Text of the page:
General discussion

Six speed manual transmissions

I have driven manuals for years, most lately five speed.

I have no idea how that 6th gear fits into the mix, so I'm asking. Is it a "cruising" one for after #5, or is it used as a "step" between lower gears?

Thanks!

Angeline
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Response

It's a gear after fifth. More than likely it is a less than 1 to 1 ratio, perhaps fifth is also less than 1 to 1.

Find the gear ratios in the transmission and find the ratios for each gear.

Just "slam the gears" and "mash the gas", 1 through 6. Wink

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You'll generally only see it....

...on higher end cars, sportscars, etc. Basically it's for cruising above most speed limits. Wink

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To expand a bit .

If she has a Porsche Boxster S and 911, Dodge Viper. Devil

Like this

Many cars are available today with six-speeds, including the Mazda Miata, Porsche Boxster S and 911, Dodge Viper, Mercedes-Benz SLK350, Honda S2000, BMW 3-Series and many others. Some of these gearboxes provide radical 50-percent (0.50:1) sixth-gear overdrives such as in the Viper and Corvette, while others provide tightly spaced gear ratios like in the S2000 and Miata for spirited backroad performance driving. While the bigger cars mentioned above such as the Viper and Vette often have two overdrive ratios (fifth and sixth) the smaller cars like the Celica and S2000 usually have one overdriven gear ratio (sixth) and fifth is 1:1.

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You can find six and seven speed automatics now too

Check out the Mercedes GLK. It's an SUV but a nice one and not expensive for a Mercedes.

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Gas saver

The 6th is an "overdrive" ratio gearing. Its meant to save on gas and provide less strain on the engine. The offering before like your 5th gear trans was similar, it's just that now they're really getting the most they can out of manual trans.. -----Willy Happy

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The primary reason we have 6 speed manual transmissions...

...is to allow a driver who learns how to properly use them to match the gear to the vehicle speed, road conditions (ice, snow) and to keep the transmission in a gear that is low enough for adequate power delivery and yet high enough to allow the engine to run at a low enough speed (measured in RPMs) to get the best possible fuel mileage in each gear.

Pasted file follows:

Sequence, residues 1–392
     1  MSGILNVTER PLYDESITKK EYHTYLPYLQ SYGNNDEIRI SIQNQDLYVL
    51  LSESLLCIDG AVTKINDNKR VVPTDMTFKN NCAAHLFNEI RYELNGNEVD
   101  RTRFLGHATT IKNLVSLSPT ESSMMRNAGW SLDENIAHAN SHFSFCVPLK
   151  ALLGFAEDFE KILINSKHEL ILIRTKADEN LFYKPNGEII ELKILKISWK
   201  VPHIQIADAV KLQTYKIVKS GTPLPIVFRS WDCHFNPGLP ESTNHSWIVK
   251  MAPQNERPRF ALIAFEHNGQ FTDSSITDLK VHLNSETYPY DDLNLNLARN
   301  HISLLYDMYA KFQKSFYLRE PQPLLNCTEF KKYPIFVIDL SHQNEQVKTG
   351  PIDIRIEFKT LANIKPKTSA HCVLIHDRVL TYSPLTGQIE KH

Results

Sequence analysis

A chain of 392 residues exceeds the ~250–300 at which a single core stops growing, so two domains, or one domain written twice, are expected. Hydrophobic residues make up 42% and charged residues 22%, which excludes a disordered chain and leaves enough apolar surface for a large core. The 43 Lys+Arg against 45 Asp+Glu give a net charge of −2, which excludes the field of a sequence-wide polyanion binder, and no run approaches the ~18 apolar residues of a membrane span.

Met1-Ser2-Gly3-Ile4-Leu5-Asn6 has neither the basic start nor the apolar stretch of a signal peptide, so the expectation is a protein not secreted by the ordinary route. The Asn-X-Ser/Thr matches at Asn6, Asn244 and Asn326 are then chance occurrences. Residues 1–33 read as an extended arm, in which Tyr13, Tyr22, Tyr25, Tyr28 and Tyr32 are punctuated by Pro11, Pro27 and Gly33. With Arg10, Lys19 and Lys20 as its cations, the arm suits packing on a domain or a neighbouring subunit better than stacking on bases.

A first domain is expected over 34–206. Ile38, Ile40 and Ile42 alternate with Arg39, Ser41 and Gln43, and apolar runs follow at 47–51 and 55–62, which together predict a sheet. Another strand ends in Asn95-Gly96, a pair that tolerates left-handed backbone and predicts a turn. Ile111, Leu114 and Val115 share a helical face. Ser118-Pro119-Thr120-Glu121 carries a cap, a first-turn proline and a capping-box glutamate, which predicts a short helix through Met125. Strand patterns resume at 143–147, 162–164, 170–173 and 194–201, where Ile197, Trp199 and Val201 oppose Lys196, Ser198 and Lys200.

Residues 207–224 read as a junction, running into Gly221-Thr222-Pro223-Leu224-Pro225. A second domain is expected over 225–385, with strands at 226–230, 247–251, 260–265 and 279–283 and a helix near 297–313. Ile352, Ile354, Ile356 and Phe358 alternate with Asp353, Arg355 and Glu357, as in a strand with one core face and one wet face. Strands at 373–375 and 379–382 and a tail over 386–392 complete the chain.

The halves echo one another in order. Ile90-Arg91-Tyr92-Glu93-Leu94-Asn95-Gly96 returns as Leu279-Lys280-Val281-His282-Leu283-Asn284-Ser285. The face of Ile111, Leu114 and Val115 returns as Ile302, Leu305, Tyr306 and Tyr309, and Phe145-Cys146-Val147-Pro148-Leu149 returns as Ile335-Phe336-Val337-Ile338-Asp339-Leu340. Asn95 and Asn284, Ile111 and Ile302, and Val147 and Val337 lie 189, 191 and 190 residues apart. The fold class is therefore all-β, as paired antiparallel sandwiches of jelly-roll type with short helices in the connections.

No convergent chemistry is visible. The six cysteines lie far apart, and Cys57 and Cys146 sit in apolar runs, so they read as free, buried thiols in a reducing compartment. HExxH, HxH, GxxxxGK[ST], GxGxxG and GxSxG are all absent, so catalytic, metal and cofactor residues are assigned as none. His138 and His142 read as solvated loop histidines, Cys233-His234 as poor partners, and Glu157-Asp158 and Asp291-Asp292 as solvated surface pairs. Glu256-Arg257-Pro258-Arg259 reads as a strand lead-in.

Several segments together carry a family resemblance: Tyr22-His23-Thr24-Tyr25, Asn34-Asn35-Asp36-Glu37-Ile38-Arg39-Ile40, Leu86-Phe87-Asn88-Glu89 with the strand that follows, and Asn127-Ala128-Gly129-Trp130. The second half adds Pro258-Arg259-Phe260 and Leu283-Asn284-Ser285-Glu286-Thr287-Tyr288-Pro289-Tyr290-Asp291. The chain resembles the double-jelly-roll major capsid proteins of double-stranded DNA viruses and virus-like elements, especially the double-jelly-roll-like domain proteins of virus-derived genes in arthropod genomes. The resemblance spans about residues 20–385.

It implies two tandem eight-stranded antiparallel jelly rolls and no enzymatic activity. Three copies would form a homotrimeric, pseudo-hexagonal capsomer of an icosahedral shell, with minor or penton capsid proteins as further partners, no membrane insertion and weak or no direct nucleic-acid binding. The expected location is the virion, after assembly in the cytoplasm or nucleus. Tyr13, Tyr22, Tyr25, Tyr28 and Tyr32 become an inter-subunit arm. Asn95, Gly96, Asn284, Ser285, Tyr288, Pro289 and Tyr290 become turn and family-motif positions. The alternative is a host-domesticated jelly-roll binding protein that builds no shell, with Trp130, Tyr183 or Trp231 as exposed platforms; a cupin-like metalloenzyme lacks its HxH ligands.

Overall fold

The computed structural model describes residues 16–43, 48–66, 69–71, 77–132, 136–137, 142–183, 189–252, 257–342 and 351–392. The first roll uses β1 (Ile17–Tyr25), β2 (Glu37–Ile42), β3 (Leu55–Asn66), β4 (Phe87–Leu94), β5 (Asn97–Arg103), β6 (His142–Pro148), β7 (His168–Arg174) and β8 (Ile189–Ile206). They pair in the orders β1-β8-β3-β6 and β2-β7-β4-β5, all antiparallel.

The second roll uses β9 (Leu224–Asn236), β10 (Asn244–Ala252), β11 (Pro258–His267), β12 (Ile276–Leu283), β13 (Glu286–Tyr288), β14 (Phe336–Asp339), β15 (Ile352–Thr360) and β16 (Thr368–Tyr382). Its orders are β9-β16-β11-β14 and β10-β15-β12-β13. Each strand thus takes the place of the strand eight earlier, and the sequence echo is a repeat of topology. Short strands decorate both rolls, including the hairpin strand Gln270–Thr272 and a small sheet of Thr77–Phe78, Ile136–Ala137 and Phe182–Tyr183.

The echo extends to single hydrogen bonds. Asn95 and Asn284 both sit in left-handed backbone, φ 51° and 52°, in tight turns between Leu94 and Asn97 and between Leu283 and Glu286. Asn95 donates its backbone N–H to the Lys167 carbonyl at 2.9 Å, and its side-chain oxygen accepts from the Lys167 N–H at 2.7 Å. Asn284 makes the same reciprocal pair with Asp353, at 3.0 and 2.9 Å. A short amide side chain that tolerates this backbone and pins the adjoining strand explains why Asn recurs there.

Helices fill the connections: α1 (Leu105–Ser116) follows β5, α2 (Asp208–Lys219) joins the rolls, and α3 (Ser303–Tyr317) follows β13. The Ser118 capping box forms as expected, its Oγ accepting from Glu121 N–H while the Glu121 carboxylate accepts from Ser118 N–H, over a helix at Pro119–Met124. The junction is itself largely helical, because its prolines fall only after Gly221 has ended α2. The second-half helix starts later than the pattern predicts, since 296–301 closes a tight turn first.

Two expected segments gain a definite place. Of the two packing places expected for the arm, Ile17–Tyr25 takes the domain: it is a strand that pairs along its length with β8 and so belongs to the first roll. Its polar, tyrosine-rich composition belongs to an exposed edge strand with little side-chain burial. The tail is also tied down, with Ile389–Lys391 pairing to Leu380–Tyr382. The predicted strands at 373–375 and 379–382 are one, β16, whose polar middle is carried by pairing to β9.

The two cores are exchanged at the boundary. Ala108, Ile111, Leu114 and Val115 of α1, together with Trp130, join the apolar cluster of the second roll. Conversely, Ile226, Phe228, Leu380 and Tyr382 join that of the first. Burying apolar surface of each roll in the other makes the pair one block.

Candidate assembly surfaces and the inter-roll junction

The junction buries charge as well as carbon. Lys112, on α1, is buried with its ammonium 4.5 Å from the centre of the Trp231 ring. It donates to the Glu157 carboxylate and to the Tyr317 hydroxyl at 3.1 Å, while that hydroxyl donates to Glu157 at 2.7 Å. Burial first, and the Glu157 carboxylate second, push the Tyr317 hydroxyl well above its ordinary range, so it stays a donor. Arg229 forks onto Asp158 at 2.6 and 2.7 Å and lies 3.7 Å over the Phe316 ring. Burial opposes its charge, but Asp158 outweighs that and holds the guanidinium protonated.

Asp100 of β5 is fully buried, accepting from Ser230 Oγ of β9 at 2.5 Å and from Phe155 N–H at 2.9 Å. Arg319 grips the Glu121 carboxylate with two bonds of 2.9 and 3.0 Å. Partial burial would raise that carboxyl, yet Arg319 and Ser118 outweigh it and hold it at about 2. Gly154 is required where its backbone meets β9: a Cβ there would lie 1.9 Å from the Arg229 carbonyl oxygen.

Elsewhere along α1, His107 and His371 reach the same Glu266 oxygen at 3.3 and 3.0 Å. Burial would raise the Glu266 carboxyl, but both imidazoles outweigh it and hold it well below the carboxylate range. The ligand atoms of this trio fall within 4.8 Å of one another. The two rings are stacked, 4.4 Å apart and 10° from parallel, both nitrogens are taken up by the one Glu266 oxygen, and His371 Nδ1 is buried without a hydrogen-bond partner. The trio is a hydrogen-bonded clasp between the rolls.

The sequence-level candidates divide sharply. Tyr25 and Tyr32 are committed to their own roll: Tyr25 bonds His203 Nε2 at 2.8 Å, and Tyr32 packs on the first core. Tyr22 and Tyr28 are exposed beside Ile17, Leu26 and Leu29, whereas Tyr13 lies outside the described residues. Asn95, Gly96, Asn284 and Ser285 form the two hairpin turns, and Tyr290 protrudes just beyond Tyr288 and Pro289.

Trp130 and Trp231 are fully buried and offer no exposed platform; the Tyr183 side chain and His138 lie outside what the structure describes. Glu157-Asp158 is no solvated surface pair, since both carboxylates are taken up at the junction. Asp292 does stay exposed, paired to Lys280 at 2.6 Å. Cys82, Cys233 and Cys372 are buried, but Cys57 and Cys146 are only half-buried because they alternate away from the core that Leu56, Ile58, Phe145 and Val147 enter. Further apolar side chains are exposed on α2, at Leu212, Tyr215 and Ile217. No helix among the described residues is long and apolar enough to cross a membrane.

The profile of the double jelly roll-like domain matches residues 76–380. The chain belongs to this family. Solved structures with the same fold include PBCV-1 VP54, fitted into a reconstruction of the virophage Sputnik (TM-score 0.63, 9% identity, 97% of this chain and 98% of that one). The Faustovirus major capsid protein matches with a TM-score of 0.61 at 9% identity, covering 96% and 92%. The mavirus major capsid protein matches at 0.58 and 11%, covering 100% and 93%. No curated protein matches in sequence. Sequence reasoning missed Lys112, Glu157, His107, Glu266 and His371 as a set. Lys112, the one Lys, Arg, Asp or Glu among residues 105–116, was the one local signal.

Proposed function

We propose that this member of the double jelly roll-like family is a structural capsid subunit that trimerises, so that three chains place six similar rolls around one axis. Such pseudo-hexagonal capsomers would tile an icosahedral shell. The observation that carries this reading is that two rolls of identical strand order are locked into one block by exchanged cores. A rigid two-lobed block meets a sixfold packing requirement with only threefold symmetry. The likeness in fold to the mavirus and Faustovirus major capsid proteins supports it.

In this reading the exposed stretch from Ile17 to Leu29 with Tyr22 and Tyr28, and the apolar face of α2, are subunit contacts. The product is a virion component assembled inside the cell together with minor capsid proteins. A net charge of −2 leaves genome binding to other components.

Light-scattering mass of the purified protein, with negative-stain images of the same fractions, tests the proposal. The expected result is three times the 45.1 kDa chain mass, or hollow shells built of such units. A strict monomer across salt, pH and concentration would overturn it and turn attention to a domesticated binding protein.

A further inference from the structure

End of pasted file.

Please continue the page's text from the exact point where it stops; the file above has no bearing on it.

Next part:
The more gears in a transmission, the less time an engine must spend at higher RPM levels; since an internal combustion engine's fuel efficiency decreases as engine speed increases, it's always best to find that engine speed at which fuel consumption is lowest. This optimum engine speed varies from engine to engine as well as with the speed of the vehicle itself.

In low traction conditions such as snow and/or ice, a driver will want to keep the car in a lower gear to take advantage of engine braking rather than using the regular brakes. The more gears a transmission has, the easier it is for a driver to find the proper balance between controlability and economy.

In most of these transmissions, sixth (and maybe fifth) gear is an overdrive gear designed to keep engine speed as low as possible when on the open road.

Try these references:

http://www.progressive.com/auto-tech/do-more-gears-mean-better-fuel-economy.aspx

http://www.autoobserver.com/2008/05/fuel-economy-emergency-six-speed-transmissions-to-the-rescue.html (this link talks about automatic transmissions, but as an automatic transmission car is not as fuel efficient as a comparable manual transmission one, it's no surprise that the automakers are going to six, seven and even eight speed automatics, as the mechanical and fuel economy advantages of such transmissions are possibly even more pronounced for automatics than they are for manuals.)

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